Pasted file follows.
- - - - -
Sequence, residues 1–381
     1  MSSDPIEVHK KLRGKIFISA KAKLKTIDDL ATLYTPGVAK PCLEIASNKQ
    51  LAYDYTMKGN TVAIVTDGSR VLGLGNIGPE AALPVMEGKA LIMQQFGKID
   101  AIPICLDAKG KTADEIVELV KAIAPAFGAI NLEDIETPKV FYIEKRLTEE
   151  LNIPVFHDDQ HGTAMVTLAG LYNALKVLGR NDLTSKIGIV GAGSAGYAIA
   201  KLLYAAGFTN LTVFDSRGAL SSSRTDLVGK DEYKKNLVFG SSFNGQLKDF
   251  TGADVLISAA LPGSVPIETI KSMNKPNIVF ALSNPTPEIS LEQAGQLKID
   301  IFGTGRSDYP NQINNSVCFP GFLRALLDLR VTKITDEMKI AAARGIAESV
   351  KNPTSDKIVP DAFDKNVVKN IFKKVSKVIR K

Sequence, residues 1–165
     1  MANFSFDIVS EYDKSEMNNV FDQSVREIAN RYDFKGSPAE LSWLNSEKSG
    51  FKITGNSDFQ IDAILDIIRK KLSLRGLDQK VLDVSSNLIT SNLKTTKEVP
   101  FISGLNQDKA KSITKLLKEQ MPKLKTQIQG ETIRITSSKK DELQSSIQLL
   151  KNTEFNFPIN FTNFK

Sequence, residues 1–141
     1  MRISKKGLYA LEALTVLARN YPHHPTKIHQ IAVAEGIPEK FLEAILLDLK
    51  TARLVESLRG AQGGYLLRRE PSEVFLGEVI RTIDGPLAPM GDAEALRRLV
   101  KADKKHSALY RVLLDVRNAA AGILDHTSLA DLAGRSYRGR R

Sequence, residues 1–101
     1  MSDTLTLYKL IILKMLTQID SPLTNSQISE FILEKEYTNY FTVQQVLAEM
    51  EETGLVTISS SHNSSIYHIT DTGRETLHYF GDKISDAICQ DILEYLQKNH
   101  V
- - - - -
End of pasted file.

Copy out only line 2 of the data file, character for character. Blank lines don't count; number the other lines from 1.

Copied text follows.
     1  MSSDPIEVHK KLRGKIFISA KAKLKTIDDL ATLYTPGVAK PCLEIASNKQ